3. 15.5.4.3. saveFileInfo() Method
      5. 15.5.5. Using the mod_perl Upload Handler
    6. 15.6. Templating
      1. 15.6.1. Template Toolkit
      2. 15.6.2. Features
      3. 15.6.3. Plug-Ins to Template Toolkit
      4. 15.6.4. Template Toolkit Syntax
      5. 15.6.5. A mod_perl Handler Example Using Template Toolkit
        1. 15.6.5.1. Handler Declaration in the Apache Configuration File
        2. 15.6.5.2. Handler Body
      6. 15.6.6. Caching Templates
    7. 15.7. HTML::Template
      1. 15.7.1. Tags
      2. 15.7.2. A mod_perl Handler Example Using HTML::Template
      3. 15.7.3. HTML::Template template
    8. 15.8. HTML::Mason (Mason)
      1. 15.8.1. Mason Syntax
      2. 15.8.2. In-Line Perl Sections
      3. 15.8.3. Mason Objects
      4. 15.8.4. Mason Components
      5. 15.8.5. Initialization and Cleanup
      6. 15.8.6. Userlisting Page in Mason
    9. 15.9. Summary
  23. 16. Perl and Ajax
    1. 16.1. What Is Ajax?
    2. 16.2. mod_perl Applications and Ajax
      1. 16.2.1. Basic Ajax Examples
        1. 16.2.1.1. Example 1
        2. 16.2.1.2. mod_perl Handler for Example 1
        3. 16.2.1.3. Ajax Example 2: Display Returned HTML Table
        4. 16.2.1.4. mod_perl Handler for Example 2
        5. 16.2.1.5. Example 2: Template Code
      2. 16.2.2. More Examples Using the JSON Perl Module
        1. 16.2.2.1. Ajax Example 3: Building the Table on the Client
        2. 16.2.2.2. Example 3: mod_perl Handler
        3. 16.2.2.3. Example 4: MySQL Ajax Client
        4. 16.2.2.4. Example 4: mod_perl Handler
        5. 16.2.2.5. Example 4 in Action
        6. 16.2.2.6. Example 5: Reading the Raw Post Data
        7. 16.2.2.7. Example 5: mod_perl Handler
        8. 16.2.2.8. Example 6: Using the Prototype JavaScript Framework
        9. 16.2.2.9. Example 7: Account Creation with Ajax
        10. 16.2.2.10. Account Page mod_perl Handler
        11. 16.2.2.11. Account Page Template
        12. 16.2.2.12. Account Handler
          1. 16.2.2.12.1. The handler() Subroutine
          2. 16.2.2.12.2. The notifyUser() Subroutine
        13. 16.2.2.13. New WebApp Method sendEmail()
        14. 16.2.2.14. Ajax Account Creation in Action
    3. 16.3. Summary
  24. 17. Search Engine Application
    1. 17.1. Using Gearman to Put the Search Engine Application Together
      1. 17.1.1.
        1. 17.1.1.1. Gearman
      2. 17.1.2. Installing and Running Gearman
        1. 17.1.2.1. gearmand Job Server Install
        2. 17.1.2.2. Gearman MySQL UDF Install
        3. 17.1.2.3. Running the Gearman Job Server
      3. 17.1.3. Using the Gearman MySQL UDFs
        1. 17.1.3.1. gman_severs_set()
        2. 17.1.3.2. gman_do()
        3. 17.1.3.3. gman_sum()
        4. 17.1.3.4. Usage Examples
      4. 17.1.4. Perl and Gearman
        1. 17.1.4.1. Perl Gearman Worker
        2. 17.1.4.2. Perl Gearman Client
    2. 17.2. The Search Engine Application
      1. 17.2.1. Database Tables for the Search Engine Application
      2. 17.2.2. Database Triggers
      3. 17.2.3. Sphinx Setup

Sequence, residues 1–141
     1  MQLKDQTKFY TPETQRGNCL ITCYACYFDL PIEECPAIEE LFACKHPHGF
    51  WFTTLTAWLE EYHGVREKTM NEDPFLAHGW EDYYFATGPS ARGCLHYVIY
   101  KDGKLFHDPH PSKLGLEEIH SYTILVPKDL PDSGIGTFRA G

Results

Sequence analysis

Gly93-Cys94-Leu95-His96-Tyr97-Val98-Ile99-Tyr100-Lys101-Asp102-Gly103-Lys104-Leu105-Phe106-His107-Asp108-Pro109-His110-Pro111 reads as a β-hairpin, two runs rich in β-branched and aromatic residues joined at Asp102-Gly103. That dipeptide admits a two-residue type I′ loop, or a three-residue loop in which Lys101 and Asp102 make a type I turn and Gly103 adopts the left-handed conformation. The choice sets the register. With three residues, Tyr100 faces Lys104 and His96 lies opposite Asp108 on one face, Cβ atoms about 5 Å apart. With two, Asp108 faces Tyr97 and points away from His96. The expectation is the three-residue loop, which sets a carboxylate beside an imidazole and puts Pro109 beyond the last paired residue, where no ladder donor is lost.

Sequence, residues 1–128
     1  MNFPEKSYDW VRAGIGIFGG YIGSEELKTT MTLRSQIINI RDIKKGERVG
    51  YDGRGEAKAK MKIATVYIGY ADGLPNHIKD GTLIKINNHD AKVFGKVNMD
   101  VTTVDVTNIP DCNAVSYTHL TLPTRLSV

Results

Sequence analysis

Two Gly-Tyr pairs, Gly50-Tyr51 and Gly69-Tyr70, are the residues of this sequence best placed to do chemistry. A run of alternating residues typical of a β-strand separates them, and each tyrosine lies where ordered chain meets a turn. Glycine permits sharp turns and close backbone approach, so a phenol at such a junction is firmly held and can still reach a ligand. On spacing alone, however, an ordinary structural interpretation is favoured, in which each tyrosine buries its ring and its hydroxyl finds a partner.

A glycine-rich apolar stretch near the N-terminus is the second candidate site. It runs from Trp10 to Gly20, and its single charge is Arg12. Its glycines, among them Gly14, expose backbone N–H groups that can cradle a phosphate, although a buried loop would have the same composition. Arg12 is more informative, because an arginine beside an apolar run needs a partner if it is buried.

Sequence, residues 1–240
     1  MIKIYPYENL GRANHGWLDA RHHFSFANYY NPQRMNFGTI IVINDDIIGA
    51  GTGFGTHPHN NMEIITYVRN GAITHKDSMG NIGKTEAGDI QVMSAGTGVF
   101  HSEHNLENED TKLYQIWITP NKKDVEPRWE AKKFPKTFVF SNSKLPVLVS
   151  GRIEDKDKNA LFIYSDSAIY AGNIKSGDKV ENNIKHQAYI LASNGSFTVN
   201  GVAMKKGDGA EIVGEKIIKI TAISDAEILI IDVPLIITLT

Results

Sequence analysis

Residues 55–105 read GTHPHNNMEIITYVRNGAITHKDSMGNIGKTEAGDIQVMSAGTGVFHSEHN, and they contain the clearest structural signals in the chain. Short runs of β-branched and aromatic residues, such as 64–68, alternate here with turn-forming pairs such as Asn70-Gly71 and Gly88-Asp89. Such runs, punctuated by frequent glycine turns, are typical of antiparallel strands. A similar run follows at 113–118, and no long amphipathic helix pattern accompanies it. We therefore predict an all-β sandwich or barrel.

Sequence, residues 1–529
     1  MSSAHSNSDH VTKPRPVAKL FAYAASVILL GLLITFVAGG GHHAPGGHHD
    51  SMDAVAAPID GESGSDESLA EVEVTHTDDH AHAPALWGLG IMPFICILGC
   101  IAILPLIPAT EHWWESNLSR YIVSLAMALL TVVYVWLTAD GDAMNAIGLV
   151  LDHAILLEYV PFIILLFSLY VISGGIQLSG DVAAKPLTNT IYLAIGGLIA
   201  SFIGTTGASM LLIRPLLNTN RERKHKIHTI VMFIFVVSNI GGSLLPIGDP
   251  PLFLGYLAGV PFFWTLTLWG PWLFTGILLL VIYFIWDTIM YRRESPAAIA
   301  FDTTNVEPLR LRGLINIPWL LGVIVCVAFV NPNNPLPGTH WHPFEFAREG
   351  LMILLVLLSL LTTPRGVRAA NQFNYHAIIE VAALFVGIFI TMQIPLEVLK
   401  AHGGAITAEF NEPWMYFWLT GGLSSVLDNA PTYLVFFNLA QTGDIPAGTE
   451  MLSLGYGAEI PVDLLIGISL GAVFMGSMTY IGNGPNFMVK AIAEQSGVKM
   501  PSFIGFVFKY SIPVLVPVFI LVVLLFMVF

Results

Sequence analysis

4. 17.2.4. Gearman Workers
        1. 17.2.4.1. Web Client Worker
        2. 17.2.4.2. Data Storage Worker
        3. 17.2.4.3. Indexer Worker
      5. 17.2.5. Running the Workers
    3. 17.3. mod_perl Handler Web Applications
      1. 17.3.1. Search Application
        1. 17.3.1.1. Search Template
        2. 17.3.1.2. The mod_perl Search Handler
        3. 17.3.1.3. Main Handler Method
        4. 17.3.1.4. The search() Subroutine
        5. 17.3.1.5. The get_results_from_db() Subroutine
        6. 17.3.1.6. Paginating the Search Application
      2. 17.3.2. Using the Search Application
      3. 17.3.3. URL Queue Application
      4. 17.3.4. URLHandler—AJAX Application
        1. 17.3.4.1. The Main handler() Subroutine
        2. 17.3.4.2. URLHandler JavaScript
        3. 17.3.4.3. JavaScript Functions
        4. 17.3.4.4. URLHandler Template
      5. 17.3.5. URLQueueHandler mod_perl Handler
    4. 17.4. URLQueueHandler handler() Subroutine
      1. 17.4.1. URLQueue Interface
    5. 17.5. Summary
  25. A. Installing MySQL
    1. A.1. Choosing a MySQL Version
    2. A.2. Choosing a MySQL Package Type
    3. A.3. Installing MySQL on Windows
    4. A.4. Installing MySQL on RPM-based Linux Systems
    5. A.5. Installing MySQL on Ubuntu
    6. A.6. Installing MySQL from Source on UNIX Systems
    7. A.7. Unix Post Install
  26. B. Configuring MySQL
    1. B.1. Running MySQL for the First Time
    2. B.2. Setting Up Privileges and Creating a Schema
    3. B.3. MySQL Server Configuration File
      1. B.3.1. Basic Command Options
        1. B.3.1.1. datadir
        2. B.3.1.2. tmpdir
        3. B.3.1.3. user
        4. B.3.1.4. port
        5. B.3.1.5. socket
      2. B.3.2. InnoDB Path and Tablespace Command Options
        1. B.3.2.1. innodb_data_file_path
        2. B.3.2.2. innodb_file_per_table
    4. B.4. Backups
      1. B.4.1. Replication Backup Slave
      2. B.4.2. mysqldump
      3. B.4.3. Scripting mysqldump Backups with Perl
      4. B.4.4. Creating a Backup by Copying Data Files
      5. B.4.5. mysqlhotcopy
      6. B.4.6. Snapshots Using LVM
      7. B.4.7. InnoDB Hotbackup, ibbackup
    5. B.5. Monitoring
      1. B.5.1. Nagios
      2. B.5.2. Cacti
      3. B.5.3. MySQL Enterprise Monitor
    6. B.6. my.cnf Sample File
    7. B.7. Sample sphinx.conf